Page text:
Charging House Batteries

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jagnweiner

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This is probably a stupid question, but electrical items are not my strong suit.  How do I know when my house batteries are fully charged?  And, correspondingly, how do I know when they are about out of juice? 

I have a Powerline EMS that shows DC volts on house or chassis batteries if I press a switch.  I also have a Xantrex ProSine 2.0 inverter/charger.  I tried looking in the manual for the ProSine, but could decipher anything for that.  Not sure if this has any relevance to the answer, but I believe the house batteries are four 6V golf cart batteries (can't tell for sure, because the slideout battery tray is stuck in).

Thanks in advance,
 

mike1245

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Scott
think about putting in an amp hour meter, this shows how many amp hours you have used and then how many you have put back in.  This lets you know at a glance how full or empty your batteries are.
Mike
 

Gary RV_Wizard

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The rough measure is battery voltage. If the battery shows 12.6v or more when at rest (charger not operating and no load), it is pretty much fully charged.  That's not foolproof because there are some conditions that can look ok on voltage but have very little amp-hours available, but that's generally not a problem in day-to-day use.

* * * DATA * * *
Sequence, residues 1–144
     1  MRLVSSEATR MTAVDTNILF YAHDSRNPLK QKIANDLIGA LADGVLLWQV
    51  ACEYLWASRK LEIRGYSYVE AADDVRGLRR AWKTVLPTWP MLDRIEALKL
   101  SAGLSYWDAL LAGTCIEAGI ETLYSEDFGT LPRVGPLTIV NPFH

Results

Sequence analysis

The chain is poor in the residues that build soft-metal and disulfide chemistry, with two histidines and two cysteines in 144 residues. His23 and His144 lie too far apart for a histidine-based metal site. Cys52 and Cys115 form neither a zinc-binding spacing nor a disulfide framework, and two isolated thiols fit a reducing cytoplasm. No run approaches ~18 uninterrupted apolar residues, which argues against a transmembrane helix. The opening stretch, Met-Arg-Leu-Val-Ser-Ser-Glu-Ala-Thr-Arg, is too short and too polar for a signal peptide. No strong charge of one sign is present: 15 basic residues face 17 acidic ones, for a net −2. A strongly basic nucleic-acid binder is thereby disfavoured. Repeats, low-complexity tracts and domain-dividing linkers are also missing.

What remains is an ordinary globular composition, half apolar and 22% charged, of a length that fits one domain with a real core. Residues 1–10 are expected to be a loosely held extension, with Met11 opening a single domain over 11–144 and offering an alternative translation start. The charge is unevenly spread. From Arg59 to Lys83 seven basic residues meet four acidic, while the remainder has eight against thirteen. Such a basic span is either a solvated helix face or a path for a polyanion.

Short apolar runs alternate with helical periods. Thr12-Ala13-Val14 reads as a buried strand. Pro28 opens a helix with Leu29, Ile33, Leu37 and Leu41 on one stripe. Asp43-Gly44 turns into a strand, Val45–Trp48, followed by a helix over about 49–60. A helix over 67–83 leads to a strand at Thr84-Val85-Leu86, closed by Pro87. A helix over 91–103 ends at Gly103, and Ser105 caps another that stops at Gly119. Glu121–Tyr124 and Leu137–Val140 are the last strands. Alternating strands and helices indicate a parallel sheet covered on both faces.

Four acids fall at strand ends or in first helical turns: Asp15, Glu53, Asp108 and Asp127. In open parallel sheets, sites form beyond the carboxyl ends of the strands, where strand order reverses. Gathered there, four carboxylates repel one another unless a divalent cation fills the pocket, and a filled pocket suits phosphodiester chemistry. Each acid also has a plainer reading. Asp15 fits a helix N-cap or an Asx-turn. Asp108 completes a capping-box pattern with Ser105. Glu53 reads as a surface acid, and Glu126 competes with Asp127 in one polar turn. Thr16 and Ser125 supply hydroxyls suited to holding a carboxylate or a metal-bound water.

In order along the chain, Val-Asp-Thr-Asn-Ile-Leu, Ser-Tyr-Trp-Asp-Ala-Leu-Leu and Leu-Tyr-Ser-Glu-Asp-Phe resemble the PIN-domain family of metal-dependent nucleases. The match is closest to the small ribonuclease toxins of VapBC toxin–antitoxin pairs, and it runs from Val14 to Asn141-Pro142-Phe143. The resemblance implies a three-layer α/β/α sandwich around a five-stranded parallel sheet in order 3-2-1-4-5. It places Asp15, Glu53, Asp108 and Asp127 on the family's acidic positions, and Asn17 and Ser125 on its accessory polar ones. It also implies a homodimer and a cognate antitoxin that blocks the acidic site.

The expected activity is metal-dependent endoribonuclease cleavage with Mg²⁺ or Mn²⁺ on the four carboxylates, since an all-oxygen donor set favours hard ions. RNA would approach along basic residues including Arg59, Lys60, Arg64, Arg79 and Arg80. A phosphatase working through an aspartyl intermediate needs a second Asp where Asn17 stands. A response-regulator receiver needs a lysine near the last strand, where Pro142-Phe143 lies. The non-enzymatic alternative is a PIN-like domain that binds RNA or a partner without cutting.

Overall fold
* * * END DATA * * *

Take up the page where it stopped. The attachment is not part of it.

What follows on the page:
The remote for the ProSine may have an indicator to say it is in "float charge" mode; that indicates the charger thinks the battery is at or very near full charge.
 

jagnweiner

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Thanks, gentlemen.  One more question for Gary:  If 12.6V is fully charged under those conditions, what is the lowest I would want to allow it to discharge?
 

Just Lou

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Scott, somewhere around 12.2 is considered 50% discharged, and is a good low point threshold.  You will often see a lower voltage displayed when the batteries are under load, so allow them to recover (with no load) for a few minutes before making your measurement and decision.
 

Gary RV_Wizard

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The widely accepted value for 50% charge is 12.1v, but I would not be concerned until it dipped under 12.0v or maybe even a bit less.  That's because the voltage in the charge table is given for a battery at rest, i.e. under zero load.  That isn't what you see on a battery installed in an RV, even if you think "everything is off". Even the tiniest current output will reduce the voltage slightly, so you can typically assume the "resting" voltage would be a bit higher than what is on your meter.

A greater level of discharge would likely shorten the battery lifetime by some unknown and indeterminate amount. So would any of a dozen other things, so it is all but impossible to predict what the effect may be in the real world. Just don't make a habit of deep discharges and you should be fine.
 

Just Lou